Ind. lawmakers approve repealing gun permit requirement
“I tried to explain it ... this adds a layer of danger to every police officer," said State Police Superintendent Doug Carter
By Casey Smith
INDIANAPOLIS — Republican lawmakers pushed through a bill that would repeal Indiana’s requirement for a permit to carry a handgun in public on Tuesday, further loosening the state’s firearms laws despite public opposition from the state police superintendent and some major law enforcement organizations.
The House and Senate approved the repeal as Republican lawmakers revived it last week after conflict among GOP senators had temporarily sidelined the issue.
Senators approved the bill 30—20 after House members earlier voted 68-30 largely along party lines in what was among the final issues taken up as the Republican-dominated Legislature neared adjournment of this year's session.
Once the measure arrives at Gov. Eric Holcomb’s desk, he will have seven days to sign or veto it — or it would then become law without his signature.
The Republican governor hasn’t said whether he supports the concept of not requiring handgun permits, saying last week he would give the bill “careful thought.”
The bill’s provisions would allow anyone age 18 or older to carry a handgun in public except for reasons such as having a felony conviction, facing a restraining order from a court or having a dangerous mental illness. Supporters argue the permit requirement undermines Second Amendment protections by forcing law-abiding citizens to undergo police background checks that can take weeks.
Bill sponsor Rep. Ben Smaltz, a Republican from Auburn, said it was meant for the “lawful Hoosier” who hasn’t done anything wrong and don’t want to be fingerprinted to obtain a handgun permit.
Sen. Eric Koch, a Republican from Bedford who presented the bill in the Senate, said he considered the law enforcement community to be “divided on this issue.” He also maintained that obtaining a handgun permit will still be optional, and said he thinks that “most Hoosiers” will still follow that process.
“Criminals already carry firearms without regard for the law,” Koch said. “Lawful carry simply puts the law-abiding on equal footing.”
The repeal proposal easily passed the House in January but faced more skepticism in the Senate, where it stalled last month.
State Police Superintendent Doug Carter, joined by the state’s Fraternal Order of Police, police chiefs association and county prosecutors association, strongly objected the proposal. They maintained the permit repeal would strip officers of a screening tool for quickly identifying dangerous people they encounter who shouldn’t have guns.
Carter, an appointee of Republican Gov. Eric Holcomb, sharply criticized GOP lawmakers during a state Senate hearing on the bill, blaming “political posturing” for their pushing of the repeal, saying that if lawmakers “support this bill, you will not be supporting us.”
Carter, wearing his state police uniform, stood in the back of the Senate chamber as the bill was being debated. He told The Associated Press Tuesday that approval of the measure “does not support law enforcement — period.” He added that lawmakers' comments on the Senate floor in support of the proposal were “disingenuous.”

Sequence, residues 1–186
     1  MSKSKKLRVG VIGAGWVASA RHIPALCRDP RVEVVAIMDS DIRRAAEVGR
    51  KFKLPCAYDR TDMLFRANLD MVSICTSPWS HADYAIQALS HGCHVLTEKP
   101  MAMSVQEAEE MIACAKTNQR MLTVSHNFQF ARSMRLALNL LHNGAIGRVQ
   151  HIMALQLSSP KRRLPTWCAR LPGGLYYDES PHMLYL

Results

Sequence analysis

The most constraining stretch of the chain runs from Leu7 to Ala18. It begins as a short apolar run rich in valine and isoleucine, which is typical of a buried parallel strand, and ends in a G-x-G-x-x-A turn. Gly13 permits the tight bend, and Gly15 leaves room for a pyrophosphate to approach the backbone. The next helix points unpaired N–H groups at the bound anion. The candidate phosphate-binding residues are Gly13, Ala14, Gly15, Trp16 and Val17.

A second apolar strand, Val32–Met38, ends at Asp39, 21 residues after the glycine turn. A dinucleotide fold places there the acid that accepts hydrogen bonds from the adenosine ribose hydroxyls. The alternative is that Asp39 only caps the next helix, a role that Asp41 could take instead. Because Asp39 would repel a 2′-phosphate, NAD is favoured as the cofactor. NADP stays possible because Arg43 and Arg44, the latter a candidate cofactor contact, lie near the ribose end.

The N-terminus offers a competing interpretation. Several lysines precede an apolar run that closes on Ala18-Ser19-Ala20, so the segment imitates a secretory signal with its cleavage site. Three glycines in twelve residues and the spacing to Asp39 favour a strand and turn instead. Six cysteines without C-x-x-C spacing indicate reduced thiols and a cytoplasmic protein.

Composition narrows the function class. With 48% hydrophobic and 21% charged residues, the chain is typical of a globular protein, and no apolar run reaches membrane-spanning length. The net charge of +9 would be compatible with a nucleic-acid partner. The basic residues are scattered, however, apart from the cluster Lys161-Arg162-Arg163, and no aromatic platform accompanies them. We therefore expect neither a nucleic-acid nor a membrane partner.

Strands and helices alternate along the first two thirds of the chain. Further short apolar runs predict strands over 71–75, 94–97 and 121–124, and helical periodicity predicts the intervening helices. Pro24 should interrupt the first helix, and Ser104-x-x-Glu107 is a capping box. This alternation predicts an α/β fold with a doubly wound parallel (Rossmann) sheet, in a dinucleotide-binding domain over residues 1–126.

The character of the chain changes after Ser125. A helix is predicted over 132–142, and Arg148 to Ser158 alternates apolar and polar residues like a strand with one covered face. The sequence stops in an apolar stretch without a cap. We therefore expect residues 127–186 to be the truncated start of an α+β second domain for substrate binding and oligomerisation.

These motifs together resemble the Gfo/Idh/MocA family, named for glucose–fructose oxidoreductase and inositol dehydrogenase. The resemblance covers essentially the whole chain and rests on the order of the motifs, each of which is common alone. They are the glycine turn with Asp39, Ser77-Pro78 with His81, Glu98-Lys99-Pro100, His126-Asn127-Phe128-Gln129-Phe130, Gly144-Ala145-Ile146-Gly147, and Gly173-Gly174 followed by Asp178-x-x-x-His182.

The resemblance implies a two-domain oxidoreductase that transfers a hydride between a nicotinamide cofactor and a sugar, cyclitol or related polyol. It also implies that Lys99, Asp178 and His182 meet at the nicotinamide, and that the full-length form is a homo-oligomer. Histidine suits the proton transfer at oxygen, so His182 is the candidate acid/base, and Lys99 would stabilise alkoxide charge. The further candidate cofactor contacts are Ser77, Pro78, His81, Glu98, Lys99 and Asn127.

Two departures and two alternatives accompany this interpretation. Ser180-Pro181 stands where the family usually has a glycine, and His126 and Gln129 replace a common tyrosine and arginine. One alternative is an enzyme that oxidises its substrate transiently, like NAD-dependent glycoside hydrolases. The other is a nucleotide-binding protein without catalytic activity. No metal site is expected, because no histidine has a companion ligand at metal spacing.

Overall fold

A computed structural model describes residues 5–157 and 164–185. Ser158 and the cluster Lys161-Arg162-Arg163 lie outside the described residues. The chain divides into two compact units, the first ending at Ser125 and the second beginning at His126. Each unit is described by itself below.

“I don't think (lawmakers) understand the magnitude of this," Carter said. “I tried to explain it ... this adds a layer of danger to every police officer.”
Nine Republicans joined all 11 Democratic senators in voting against the bill. Those GOP senators were Eric Bassler of Washington; Vanetta Becker of Evansville; Liz Brown of Fort Wayne; Ed Charbonneau of Valparaiso; Michael Crider of Greenfield; Sue Glick of LaGrange; Chip Perfect of Lawrenceburg; Greg Walker of Columbus; and Kyle Walker of Indianapolis.
In response to complaints that obtaining a handgun permit in Indiana takes too long, Brown suggested Tuesday that lawmakers instead try to “fix that process.”
Glick added that “police officers have our respect, but they should have our protection," before she voted against the bill.
Indiana currently requires people to obtain a license to carry a loaded handgun outside their own homes, businesses and cars, although people can generally carry rifles and shotguns without a permit. Twenty-one other states allow residents to carry handguns without permits, which gun rights advocates call “constitutional carry,” in reference to the Second Amendment.
Democratic House Leader Phil GiaQuinta of Fort Wayne argued that legislators should keep the handgun permit requirement in place as a sign of supporting law enforcement “to make their job safer, to make us safer.”
Democrats in the Senate further criticized the repeal, calling it “dangerous” and “a bad judgment call.”
“It hurts to see us advancing a piece of legislation that supports spreading and allowing more guns to be on our streets when violent crime is going up in our nation,” said Democratic Sen. Fady Qaddoura of Indianapolis. “This will make it much easier for people to get access to guns that kill other people.”
The National Rifle Association's Indiana director John Weber said in a statement Tuesday that the organization was “pleased” by the bill's passage and called for the governor to make it law.
“Hoosiers value their Second Amendment rights, yet under the current regime they are forced to ask the government for extra permission in order to exercise the fundamental right of carrying a firearm for self-defense,” Weber said. “This bill simply codifies the fundamental right of all people to defend themselves wherever a self-defense situation may arise.”